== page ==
• Large spinning reels range between 4000 to 5500 (40-50) in size, facilitating 8-14 pounds of monofilament and 30-80 pounds of braid fishing line. It works best for fishing medium to large-sized fishes like carp, snapper, steelhead, and musky. It is ideal for fishing on the beach, coastal off docks, rocks, and boats. 
  • Extra-large spinning reels range from 10,000-30000 (100-300) sizes that can handle 12-60 pounds of monofilament and 50-100 pounds of braid fishing line. It works excellently on fast-moving water, offshore boat fishing, inshore, and surf for massive fishes like sharks, sturgeon, halibut, and tuna.

The line capacity mentioned in the description of a fishing reel tells you the largest length of line its spool can accommodate. This means, the bigger the reel; the bigger should be the spool. The line capacity is usually weighted as the pound-test weight/length of the line. For instance, a spinning reel with eight pound-test line/140 yards rating means you can also use a 6-pound or 10 pounds line.

Consider the handle, grip, and knob 

The handle is an integral part of a spinning reel, as you need some excellent handling skills while fighting a giant fish. A high-end handle with one piece shank offers comfort while cranking without causing any wobbling under heavy loads.

Next, I would focus on the knob of the reel. I recommend the knob be soft but firm. You will find the different qualities of knobs ranging from cork to patented rubber materials. Then I would check the grip of the reel. I prefer a reel that fits perfectly in my palm. It must feel smooth while holding it. Even the slightest friction can cause fatigue. 

Choose a wide and shallow spool

The design of the spool not only holds the fishing line but also controls the casting distance while reducing friction while retrieving. Standard spools come in two shapes: wide/shallow or deep/narrow. 

The spool lip depth also plays a significant role in fishing. As you start unwrapping, the line hits the spool’s lip. This eventually creates more friction and lowers the cast distances.

I find wide and shallow spools better as they recover more lines while turning the handle. This results in lesser line twists. Plus, a wide spool has a bigger line wrap, so it won’t hit the lip much when you release the line. Go for a wide and shallow spool of popular brands like Shimano Nasci that comes with a titanium spool lip, which is the best in the market.

Go for a better drag system

The drag system is the braking system of the spinning reel. It slows the spool when you are hooked or fighting a fish by applying friction. In the fishing world, the drag system is measured in pounds. Most products mention the maximum amount of drag pressure they can endure. Before the drag system came into existence, stopping a fish from pulling off the line depended entirely on the angler’s wrist strength. The braking system changed the game in fishing by allowing anglers to fight off bigger fish without straining their hands.

There are two types of spinning drag systems available: front drag and rear drag. 

The front drag is located on the top of the spool. It comes with large drag washers for better performance and durability. You will find front drag system on most moderate to expensive spinning reels. 

The real drag is located on the bottom of the reel. It is easy to access while fighting a fish. 

Since fishing in saltwater is a challenge of its own, the front drag system with its large drag washers is the way to go. If you are looking for a saltwater spinning reel with excellent drag systems, I recommend you check out DAIWA Fuego LT, Daiwa Tatula LT, and Penn Spinfisher VI. Read our Best Penn Saltwater Spinning Reels – Shimano vs. Penn for more information.

Check for ball bearings quality

Ball bearings are located inside the spinning reel. They are rotating rings (made of metal or ceramic) that help reduce friction when you release the bail and turn the spool. Ball bearings are located next to pinion gears, which significantly contributes to the smooth function of the reels. The ball bearings capacity in a reel is described as 4+1, 5+1, 6+1, and so on. If it’s 5+1, the reel has five ball-bearing units and one pinion or roller gear.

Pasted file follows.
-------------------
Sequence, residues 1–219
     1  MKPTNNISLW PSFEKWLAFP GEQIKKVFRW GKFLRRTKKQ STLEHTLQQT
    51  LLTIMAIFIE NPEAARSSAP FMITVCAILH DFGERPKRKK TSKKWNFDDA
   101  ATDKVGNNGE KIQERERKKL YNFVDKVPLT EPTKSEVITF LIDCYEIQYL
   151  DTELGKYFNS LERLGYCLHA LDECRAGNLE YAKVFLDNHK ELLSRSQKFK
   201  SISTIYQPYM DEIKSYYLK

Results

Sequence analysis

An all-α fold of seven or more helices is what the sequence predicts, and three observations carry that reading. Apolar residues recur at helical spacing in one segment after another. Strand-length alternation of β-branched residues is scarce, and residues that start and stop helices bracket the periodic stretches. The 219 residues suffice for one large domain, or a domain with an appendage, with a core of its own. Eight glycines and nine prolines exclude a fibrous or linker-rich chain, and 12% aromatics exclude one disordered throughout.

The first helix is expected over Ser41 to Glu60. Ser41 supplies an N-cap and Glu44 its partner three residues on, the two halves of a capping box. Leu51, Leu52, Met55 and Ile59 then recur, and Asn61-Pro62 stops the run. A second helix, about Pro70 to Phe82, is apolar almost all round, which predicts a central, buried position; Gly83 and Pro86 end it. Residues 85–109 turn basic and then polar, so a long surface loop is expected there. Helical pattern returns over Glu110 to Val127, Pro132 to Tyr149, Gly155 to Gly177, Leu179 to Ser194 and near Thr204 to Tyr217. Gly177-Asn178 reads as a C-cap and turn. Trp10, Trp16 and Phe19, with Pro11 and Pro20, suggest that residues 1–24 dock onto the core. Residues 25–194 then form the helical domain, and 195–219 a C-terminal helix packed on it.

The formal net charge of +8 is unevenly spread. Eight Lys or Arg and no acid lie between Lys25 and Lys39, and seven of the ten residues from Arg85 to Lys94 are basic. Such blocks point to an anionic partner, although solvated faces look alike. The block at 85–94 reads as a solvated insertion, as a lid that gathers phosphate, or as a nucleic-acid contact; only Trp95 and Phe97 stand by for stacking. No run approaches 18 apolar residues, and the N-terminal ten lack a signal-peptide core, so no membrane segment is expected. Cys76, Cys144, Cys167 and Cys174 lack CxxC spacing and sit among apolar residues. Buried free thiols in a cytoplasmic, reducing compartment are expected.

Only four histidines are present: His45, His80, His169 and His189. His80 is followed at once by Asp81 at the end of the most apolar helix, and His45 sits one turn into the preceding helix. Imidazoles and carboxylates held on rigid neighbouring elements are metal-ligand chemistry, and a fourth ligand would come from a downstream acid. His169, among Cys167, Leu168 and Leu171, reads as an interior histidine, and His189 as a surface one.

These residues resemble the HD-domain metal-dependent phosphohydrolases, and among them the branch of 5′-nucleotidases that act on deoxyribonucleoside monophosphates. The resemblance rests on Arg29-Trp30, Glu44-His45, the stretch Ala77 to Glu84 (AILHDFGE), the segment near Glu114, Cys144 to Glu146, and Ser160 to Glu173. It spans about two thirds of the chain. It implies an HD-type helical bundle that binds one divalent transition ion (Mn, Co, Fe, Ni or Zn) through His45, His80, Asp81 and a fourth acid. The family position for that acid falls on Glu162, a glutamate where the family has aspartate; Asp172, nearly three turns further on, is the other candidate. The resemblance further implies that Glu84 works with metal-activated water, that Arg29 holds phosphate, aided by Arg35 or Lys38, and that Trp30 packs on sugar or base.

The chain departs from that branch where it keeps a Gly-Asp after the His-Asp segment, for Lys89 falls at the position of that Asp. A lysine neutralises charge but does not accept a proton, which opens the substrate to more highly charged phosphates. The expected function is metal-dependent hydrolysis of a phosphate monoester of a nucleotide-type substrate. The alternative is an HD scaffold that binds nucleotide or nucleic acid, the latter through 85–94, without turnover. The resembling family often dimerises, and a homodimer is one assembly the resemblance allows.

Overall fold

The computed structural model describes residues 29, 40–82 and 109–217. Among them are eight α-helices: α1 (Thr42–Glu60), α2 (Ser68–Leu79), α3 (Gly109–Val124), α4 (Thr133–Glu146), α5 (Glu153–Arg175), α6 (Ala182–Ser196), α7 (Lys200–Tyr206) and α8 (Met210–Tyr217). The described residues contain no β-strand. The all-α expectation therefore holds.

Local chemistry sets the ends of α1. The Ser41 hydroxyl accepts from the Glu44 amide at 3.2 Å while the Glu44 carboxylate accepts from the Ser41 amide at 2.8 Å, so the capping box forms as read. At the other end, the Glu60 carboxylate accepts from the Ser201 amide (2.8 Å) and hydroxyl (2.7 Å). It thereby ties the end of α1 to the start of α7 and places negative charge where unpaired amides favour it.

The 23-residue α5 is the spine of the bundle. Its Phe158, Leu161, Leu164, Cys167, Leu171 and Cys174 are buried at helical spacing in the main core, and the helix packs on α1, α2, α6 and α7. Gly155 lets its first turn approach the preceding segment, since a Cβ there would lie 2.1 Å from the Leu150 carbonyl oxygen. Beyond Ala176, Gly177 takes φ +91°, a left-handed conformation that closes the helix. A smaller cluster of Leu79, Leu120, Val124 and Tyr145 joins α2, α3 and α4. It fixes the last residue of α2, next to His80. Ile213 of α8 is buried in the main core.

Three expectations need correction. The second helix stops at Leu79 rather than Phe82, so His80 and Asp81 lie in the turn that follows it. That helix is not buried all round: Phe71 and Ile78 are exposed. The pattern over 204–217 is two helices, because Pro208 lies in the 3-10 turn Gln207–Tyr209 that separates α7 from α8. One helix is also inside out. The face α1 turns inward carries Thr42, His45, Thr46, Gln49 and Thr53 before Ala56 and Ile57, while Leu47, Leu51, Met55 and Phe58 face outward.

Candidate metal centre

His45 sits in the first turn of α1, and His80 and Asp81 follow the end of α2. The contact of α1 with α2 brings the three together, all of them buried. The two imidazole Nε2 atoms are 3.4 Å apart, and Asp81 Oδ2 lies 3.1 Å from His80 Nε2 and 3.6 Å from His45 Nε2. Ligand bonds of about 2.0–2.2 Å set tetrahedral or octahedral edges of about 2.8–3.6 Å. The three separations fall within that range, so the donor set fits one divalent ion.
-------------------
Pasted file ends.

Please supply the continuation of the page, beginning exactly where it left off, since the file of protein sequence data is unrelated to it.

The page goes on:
The role of ball bearings is to make it easier for you to turn the handle. The easier you turn the handle, the less fatigue you feel. More ball bearings in a reel mean more smoothness in movement. At least, that’s what most anglers believe. This is true, but it depends on the quality of the bearings. In truth, a spinning reel with four quality bearings can outperform seven low-quality ones. 

Your best bet is to choose a reel with shielded stainless steel bearings. I recommend you go for ceramic bearings, which are specially made for unique environments. Ceramic bearings can work great even submerged in seawater, making them perfect for saltwater fishing. 

Shielded stainless steel bearings with a fully enclosed body also work great for saltwater fishing. However, never go for cheap bushings or exposed metal bearings. Bushings are made cheap, resulting in grinding noises and vibrations while reeling.

Always check for gear ratio

As discussed above, the gear ratio determines the number of spool rotations at each handle revolution. The gears inside the reel are essential for reeling, as the gearing is what powers the rotation from the handle to the spool. The gear ratio is described in two numbers, such as 6.2:1. 

Reels with low gear ratios are slow but offer more torque for fighting stronger fishes, making them ideal for saltwater applications. I personally recommend a gear ratio of around 4.9:1 for saltwater fishing. The slower retrieval rate helps keep the bait in the hook while you retrieve it. 

In general, we recommend a gear ratio of around 4.9:1 for saltwater applications. Here is an opposite example of the musky fisherman. This slower range is excellent for bait rigs since they require a slow retrieve to keep the bait on the hook when you retrieve

Conclusion

I hope I have covered all the information to help you find the best saltwater spinning reel for your fishing game. The last and most important decision is to find the right rod for your spinning reel. Many saltwater fishes, like sharks or marlins, are pretty heavy and wild. This is why you need a heavy and thicker rod in saltwater fishing. I would blindly go for fiberglass rods as they are strong, durable, flexible, and designed to endure rough seas.